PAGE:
A little print we've been planning for a while took a step closer to actually happening this week, as we finally managed to cast our very own type for it!
We've always been fascinated with typographic detail and the history of language through type. One particular muse of ours is the pilcrow, an almost forgotten character that over the years has slipped from everyday use, but has never quite gone away.
We thought that creating a print around this charming and intriguing little typographic chap sounded like a great idea, until we realised there was a slight stumbling block: we don't actually have any pilcrows. And as almost all metal founts still (easily) available don't come with them, we had a problem. The letterpress adage that "you can only print with what you've got" made itself painfully apparent. And so began a quest to track down this illusive sort.
Having contacted the Type Museum in London, we managed to get them to strike our very own pilcrow matrices for Monotype Plantin in both 8 and 10pt – the main text faces that we currently hold. Once we'd received these beautifully engineered little moulds of bronze, the next challenge was to get them cast into useable type. And that would require a whole lot of machine, a pot of 700° molten metal, and more than a little specialist help.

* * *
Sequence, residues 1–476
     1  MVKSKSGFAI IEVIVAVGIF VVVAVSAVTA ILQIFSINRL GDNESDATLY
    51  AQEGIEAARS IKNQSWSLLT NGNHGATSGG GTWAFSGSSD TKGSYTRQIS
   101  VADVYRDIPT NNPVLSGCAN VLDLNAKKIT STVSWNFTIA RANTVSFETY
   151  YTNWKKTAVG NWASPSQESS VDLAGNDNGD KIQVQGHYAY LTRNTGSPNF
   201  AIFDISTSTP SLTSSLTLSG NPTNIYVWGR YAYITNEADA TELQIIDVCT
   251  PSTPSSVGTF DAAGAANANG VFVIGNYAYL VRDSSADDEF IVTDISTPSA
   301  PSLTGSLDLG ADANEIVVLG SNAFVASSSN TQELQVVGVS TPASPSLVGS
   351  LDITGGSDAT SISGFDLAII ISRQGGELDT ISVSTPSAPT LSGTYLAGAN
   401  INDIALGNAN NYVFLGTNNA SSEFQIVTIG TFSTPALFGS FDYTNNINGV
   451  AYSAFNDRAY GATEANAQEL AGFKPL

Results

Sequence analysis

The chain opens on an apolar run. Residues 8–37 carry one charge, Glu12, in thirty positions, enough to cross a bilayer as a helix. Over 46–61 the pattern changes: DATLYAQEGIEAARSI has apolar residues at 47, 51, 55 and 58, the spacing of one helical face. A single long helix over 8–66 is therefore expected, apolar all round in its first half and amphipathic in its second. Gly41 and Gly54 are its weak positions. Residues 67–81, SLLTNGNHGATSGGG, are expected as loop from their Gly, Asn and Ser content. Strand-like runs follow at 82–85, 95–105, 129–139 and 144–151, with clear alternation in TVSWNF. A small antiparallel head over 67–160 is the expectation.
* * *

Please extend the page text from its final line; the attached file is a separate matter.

So last weekend we made our way to the wonderful Amberley Museum Printshop, where we occasionally help as volunteers, to meet 'Mono Mick' and the fabulous Monotype Composition Caster.
Mono Mick, who was anything but monosyllabic, was a Monotype engineer and operator for over 50 years, and what he doesn't know about these wonderfully complex machines isn't worth knowing. He soon had our humble little 'mats' set in a die case and loaded onto the recently restored caster. After tweaking many screws, bolts, handles and levers like something from a Jules Verne novel, making tiny adjustments to the settings and endlessly checking and re-checking the individual pieces of test type, we were ready to cast. And when we say 'we', we mean Mick. Well, someone had to watch and take the photos!
Soon enough the many pistons, springs, arms, and things we don't even have names for, were set into a percussive chorus of clicking and clacking, as our freshly minted type elegantly and effortlessly marched out of the noise and onto the awaiting galley. Perfectly formed little soldiers of lead, shiny and ready to print.
So that's the type sorted, our own type from our own mats. It's only taken four months to get this far, now all we've got to do is write, design, set and print the bloody thing. Easy this letterpress lark, isn't it. The adventure continues…